By Barbara Arntsen
Published in News on February 3, 2004 2:04 PM
The Goldsboro City Council passed a resolution Monday declaring its intention to annex land near Salem Church and Buck Swamp roads.
The area includes Ashby Hills, Fallingbrook Estates, Morgan Trace, Buck Run, Pineview Acres, Tarklin Acres and Canterbury Village Subdivisions. It includes an area that some residents had hoped to form a town called Northbrook.
Before passing the resolution, council members discussed the annexation process briefly in a work session prior to the meeting.
Newly elected Councilman Jimmy Bryan said he had been asked a lot of questions about the proposed annexation, and he wanted to know what stage the process was in.
City Councilman Chuck Allen told him that it was in the "final stages."
Councilman Charles Williams said that annexation was the only way for the city to grow.
Allen said the city had been working on the annexation for almost two years and had picked that area because it was a high-growth area.
"We had to pick the best bang for the buck," Allen said. "What happens to something that doesn't grow? It dies."
The city first voted to consider annexing that area in June 2002. State law requires that cities adopt a resolution of consideration at least one year before adopting a resolution of intent.
Though the city plans on holding a public hearing on April 5, as required by law, it also will hold a public information session about the annexation on March 25 at Lane Tree Golf Club.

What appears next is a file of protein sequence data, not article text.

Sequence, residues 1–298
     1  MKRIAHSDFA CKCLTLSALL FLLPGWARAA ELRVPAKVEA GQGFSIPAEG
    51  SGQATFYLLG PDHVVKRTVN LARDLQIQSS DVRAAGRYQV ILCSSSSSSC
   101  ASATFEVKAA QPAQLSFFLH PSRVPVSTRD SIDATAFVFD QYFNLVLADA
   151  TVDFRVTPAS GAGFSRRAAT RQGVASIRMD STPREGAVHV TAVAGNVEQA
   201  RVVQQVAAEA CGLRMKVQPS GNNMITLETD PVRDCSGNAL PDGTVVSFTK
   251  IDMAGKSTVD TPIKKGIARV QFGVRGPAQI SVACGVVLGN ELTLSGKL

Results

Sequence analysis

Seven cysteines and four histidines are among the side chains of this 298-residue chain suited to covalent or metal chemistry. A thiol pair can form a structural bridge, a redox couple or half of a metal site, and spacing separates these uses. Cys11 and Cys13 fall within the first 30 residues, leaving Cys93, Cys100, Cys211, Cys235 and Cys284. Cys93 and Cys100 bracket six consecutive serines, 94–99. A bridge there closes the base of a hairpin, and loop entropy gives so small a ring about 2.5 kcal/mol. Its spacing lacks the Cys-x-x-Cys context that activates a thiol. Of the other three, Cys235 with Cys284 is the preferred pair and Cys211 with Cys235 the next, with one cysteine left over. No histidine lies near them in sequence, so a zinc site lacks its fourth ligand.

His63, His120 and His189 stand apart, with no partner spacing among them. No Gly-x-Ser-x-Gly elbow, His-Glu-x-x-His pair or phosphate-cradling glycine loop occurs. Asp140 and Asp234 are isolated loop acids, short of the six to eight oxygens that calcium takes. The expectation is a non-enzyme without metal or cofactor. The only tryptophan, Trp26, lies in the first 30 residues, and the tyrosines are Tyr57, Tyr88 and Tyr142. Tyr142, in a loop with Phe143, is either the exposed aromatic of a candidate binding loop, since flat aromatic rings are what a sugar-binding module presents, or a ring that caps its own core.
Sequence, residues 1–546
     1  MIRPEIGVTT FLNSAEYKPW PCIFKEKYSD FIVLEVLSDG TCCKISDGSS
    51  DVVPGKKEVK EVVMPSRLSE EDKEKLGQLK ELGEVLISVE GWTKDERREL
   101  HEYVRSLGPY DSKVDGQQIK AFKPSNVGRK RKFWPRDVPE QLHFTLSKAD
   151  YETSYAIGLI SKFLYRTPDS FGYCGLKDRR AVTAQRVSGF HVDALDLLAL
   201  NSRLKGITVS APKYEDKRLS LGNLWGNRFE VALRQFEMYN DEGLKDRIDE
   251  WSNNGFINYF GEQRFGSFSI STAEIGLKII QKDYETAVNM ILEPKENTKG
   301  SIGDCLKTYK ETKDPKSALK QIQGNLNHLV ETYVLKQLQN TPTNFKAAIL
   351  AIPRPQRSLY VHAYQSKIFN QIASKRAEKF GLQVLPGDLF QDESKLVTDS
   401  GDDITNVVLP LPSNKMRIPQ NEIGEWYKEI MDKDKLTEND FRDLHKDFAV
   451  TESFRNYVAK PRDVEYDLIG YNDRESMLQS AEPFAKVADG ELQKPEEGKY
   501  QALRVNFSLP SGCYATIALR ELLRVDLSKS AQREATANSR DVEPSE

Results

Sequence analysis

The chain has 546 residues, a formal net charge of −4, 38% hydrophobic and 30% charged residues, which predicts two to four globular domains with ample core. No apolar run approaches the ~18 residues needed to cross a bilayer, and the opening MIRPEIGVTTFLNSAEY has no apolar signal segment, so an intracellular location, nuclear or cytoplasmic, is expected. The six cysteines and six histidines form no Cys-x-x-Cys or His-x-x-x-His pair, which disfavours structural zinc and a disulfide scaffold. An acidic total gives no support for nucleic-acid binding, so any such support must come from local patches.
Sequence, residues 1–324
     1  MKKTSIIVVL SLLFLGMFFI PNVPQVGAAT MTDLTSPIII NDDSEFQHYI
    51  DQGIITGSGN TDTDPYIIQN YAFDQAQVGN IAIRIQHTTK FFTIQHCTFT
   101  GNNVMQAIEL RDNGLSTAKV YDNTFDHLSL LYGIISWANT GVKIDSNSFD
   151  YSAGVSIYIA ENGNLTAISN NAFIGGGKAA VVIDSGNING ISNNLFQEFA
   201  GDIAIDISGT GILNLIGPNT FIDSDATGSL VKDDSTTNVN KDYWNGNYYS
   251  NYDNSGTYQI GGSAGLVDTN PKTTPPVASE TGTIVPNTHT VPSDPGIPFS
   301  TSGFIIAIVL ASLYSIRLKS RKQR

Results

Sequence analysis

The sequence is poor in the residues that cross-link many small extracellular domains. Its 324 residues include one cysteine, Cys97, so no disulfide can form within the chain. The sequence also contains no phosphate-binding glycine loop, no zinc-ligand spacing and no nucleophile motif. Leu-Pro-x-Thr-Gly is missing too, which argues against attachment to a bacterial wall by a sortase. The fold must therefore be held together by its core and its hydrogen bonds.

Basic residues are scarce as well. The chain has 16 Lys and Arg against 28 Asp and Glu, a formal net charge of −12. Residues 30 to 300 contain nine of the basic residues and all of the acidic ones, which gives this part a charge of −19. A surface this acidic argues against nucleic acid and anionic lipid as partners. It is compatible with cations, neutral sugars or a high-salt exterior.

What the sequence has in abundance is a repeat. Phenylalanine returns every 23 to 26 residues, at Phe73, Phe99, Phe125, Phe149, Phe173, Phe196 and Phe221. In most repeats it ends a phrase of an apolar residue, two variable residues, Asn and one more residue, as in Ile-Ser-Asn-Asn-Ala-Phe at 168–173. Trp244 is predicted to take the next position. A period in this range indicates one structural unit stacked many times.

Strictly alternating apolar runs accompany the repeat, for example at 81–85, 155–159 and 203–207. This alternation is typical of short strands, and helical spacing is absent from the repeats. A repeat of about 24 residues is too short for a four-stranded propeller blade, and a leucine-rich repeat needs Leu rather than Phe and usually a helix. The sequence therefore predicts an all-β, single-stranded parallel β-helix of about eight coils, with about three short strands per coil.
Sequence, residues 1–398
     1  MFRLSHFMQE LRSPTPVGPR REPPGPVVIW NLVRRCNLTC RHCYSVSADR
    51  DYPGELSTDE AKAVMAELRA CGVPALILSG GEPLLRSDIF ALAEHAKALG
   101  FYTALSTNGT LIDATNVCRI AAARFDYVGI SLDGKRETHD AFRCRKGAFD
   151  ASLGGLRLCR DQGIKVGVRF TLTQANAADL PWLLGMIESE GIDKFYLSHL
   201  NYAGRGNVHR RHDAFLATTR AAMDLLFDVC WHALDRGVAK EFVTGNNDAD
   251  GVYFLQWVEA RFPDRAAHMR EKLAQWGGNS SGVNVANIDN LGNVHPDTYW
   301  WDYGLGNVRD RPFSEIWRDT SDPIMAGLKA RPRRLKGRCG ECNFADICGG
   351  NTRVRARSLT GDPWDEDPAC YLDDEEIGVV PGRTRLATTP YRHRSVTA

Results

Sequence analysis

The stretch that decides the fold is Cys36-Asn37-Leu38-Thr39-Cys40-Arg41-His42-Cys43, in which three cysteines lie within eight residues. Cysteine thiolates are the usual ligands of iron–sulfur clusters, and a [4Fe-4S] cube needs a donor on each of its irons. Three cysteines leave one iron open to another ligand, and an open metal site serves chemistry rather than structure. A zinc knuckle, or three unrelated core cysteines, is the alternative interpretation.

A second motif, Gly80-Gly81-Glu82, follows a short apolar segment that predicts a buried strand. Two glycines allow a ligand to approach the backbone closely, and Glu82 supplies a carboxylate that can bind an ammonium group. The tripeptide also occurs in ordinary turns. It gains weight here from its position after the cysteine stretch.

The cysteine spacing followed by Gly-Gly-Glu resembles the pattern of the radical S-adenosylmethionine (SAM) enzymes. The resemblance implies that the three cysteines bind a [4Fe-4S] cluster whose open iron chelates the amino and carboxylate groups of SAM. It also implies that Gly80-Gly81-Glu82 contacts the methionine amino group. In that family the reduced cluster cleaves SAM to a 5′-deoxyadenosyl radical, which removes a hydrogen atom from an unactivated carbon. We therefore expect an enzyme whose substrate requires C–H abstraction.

That meeting will give city officials the chance to explain its plans and policies concerning city services.
An annexation report will be given to the Wayne County Board of Commissioners before the March meeting, so the commissioners will know the financial effect the annexation will have on the county.
In April, the council will take the final vote on the annexation. If it passes then, the area will be annexed into Goldsboro on June 30.
A number of residents in the area to be annexed have voiced opposition, and some tried to form another town.
The proposed town, Northbrook, would have taken in 2,500 acres and about 3,000 people.
A state Senate committee rejected the Northbrook plan.
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